Usually women wore trousers, shirts, and a coat much like the men's coat, but with a low collar. The sleeves, cuffs, and collar were made from a colored fabric. Especially valued were Chinese silks and brocades. The hem of the coat was sometimes decorated with otter fur. Over the coat, married women wore a sleeveless jacket ( uuzha). For western Buriats it was just a jacket, whereas the eastern Buriats sewed a gathered skirt to their jackets at the waist. The sleeveless jacket, like the coats, had a lining and a slit down the front from the collar to the hem.

Men's and women's headgear was sown of fabric or fur (beaver, otter, fox); the elders wore hats of sheepskin. Traditionally, until the beginning of the twentieth century, men wore their hair pulled back in a braid. With Russification, this style gradually disappeared. Married women wore their hair in two braids covered with velvet. The braids hung in front, not on their backs. Silver and coral ornaments were woven into the ends of their braids. Young girls wore their hair in several braids, which were joined at the temples with coral-red thread.

Men and women wore low leather boots ( gutal ) leather with thick soles. The boots were slightly turned up at the toes. Wearing such boots a rider felt more certain that his or her feet would not slip out of the stirrups. They wore such boots year-round, but in the winter, for extra warmth, they placed felt in them. Today traditional folk clothing is worn only by old people. Classical clothing with full decoration and additional detail can be seen only in museums.

Land Tenure. After the arrival of the Russians in the Transbaikal region, the Buriats gradually adopted agriculture and hay making. According to Buriat common law, land on clan territory ( ulus ) was considered property of the community and had to be equally divided among all members. Clan property (the sign of the clan was branded on cattle) was gradually replaced by private ownership by individual members of the clan and their families. The combination of communal pasture and private herds allowed a rich, clan-based aristocracy to use its economic and administrative influence to secure plots of land for the owners of large herds.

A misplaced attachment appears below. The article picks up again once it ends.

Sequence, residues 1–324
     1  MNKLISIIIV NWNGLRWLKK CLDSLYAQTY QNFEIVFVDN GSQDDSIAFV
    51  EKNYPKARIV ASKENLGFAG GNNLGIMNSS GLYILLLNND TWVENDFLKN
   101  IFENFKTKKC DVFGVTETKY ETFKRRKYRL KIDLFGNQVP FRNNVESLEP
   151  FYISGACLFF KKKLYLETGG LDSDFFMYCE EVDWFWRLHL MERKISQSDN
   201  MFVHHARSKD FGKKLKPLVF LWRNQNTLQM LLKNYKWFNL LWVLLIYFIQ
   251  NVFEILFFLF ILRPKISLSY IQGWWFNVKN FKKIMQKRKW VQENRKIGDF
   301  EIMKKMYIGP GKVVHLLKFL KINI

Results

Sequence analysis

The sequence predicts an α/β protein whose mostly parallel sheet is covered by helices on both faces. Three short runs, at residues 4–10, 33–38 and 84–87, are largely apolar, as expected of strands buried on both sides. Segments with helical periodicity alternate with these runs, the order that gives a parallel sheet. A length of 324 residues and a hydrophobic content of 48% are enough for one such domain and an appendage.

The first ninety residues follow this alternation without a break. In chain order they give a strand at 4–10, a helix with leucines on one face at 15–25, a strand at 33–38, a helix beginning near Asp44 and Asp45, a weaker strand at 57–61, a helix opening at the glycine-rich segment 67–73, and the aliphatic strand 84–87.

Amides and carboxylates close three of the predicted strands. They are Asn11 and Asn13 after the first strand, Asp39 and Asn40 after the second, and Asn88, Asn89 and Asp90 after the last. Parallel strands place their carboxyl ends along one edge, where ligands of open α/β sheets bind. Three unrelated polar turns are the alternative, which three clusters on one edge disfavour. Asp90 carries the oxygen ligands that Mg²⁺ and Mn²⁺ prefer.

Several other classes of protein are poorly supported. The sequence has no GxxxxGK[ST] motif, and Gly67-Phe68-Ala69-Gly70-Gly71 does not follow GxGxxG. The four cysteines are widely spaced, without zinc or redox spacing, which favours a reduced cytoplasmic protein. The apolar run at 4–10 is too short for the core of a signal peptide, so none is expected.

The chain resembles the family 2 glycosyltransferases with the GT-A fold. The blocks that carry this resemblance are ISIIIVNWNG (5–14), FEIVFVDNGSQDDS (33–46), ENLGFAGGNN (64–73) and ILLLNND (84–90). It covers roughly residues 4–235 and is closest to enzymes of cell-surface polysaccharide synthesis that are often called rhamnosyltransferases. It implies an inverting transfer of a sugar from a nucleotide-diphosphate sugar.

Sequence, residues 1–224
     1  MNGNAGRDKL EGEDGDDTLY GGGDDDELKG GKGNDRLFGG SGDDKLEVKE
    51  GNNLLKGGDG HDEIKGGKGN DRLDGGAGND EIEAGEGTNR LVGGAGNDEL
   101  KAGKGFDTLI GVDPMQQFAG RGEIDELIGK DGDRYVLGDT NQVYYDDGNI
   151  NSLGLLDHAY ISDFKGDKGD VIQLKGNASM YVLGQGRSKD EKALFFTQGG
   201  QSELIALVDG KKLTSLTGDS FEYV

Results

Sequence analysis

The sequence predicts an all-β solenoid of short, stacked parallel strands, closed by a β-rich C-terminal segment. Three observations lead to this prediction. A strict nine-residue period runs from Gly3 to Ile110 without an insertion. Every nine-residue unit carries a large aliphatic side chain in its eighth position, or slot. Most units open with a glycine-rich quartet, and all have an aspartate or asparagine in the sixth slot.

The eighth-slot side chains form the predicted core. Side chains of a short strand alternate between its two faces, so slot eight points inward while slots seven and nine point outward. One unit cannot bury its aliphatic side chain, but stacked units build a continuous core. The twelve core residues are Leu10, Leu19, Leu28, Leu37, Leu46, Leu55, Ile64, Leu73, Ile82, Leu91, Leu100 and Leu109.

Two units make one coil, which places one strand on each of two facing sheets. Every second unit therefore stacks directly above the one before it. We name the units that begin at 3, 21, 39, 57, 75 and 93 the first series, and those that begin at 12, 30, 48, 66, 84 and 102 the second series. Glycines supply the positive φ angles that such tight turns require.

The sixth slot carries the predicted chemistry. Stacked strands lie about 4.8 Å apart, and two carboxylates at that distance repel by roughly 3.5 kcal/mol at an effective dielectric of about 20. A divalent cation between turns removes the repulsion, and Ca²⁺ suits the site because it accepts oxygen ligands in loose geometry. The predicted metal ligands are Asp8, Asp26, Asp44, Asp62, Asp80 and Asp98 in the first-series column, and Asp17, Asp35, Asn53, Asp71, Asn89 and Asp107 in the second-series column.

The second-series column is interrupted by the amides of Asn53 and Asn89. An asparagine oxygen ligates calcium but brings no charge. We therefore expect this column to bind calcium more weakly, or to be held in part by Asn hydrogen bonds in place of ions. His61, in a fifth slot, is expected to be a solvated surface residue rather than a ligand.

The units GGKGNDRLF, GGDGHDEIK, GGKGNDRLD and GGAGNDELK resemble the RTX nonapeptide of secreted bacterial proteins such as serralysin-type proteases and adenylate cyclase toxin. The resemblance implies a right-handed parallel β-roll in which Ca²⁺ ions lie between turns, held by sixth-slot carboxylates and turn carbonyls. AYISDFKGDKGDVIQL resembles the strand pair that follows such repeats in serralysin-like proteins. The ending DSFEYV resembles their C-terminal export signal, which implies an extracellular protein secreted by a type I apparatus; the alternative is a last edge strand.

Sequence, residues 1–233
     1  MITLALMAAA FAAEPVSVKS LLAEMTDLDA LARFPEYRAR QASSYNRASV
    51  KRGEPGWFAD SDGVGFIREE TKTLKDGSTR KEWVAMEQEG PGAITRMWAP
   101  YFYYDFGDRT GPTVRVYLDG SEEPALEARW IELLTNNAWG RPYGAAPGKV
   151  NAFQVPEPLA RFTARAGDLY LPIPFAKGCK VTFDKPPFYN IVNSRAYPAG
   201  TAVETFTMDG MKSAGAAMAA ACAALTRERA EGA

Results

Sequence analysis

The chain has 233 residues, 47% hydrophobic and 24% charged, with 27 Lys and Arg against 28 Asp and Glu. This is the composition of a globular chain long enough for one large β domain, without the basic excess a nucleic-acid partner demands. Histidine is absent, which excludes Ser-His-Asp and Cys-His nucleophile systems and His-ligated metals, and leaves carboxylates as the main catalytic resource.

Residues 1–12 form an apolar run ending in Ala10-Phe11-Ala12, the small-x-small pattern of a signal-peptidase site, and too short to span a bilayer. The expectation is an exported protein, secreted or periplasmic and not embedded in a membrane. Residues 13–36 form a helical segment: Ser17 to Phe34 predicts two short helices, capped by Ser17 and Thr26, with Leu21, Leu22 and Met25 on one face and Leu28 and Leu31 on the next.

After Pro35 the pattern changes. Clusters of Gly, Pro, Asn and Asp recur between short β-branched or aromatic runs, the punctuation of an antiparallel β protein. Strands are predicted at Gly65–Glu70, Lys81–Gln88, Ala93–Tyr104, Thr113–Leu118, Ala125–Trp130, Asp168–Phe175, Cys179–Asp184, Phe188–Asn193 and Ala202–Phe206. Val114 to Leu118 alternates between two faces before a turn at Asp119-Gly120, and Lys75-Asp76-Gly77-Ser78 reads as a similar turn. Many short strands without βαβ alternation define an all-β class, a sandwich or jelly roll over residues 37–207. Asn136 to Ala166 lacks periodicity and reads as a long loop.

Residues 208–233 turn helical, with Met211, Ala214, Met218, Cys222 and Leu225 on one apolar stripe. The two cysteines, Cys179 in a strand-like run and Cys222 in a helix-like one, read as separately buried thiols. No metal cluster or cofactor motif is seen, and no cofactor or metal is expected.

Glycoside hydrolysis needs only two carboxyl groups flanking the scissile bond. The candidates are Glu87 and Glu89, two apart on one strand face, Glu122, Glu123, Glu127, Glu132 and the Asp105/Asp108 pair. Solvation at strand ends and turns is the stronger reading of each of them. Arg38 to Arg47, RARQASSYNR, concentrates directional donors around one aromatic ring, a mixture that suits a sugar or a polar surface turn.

After Buriatia was incorporated into the Russian state, the land was declared state property but the Buriat people were granted the right to communal land use. Toward the end of the nineteenth century, the pastures, forests, and arable lands were taken out of communal use and became private property alloted to individual families. Toward the beginning of the twentieth century, 25 percent of the Buriats in Irkutsk Oblast were no longer involved in animal husbandry but were engaged in agriculture. They grew rye, wheat, oats, buckwheat, and vegetables. For Buriats in Transbaikalia, animal husbandry remained predominant. The Buriats living on Ol'khon Island supplemented animal husbandry with fishing, and the Buriats of the Tunkinsk region supplemented it with hunting. About 10 percent of Buriat households had 100-200 sheep, up to 100 head of horned cattle, and 20-30 horses; 30 to 40 percent of the households had 60-70 sheep, up to 50 head of cattle, and up to 10 horses.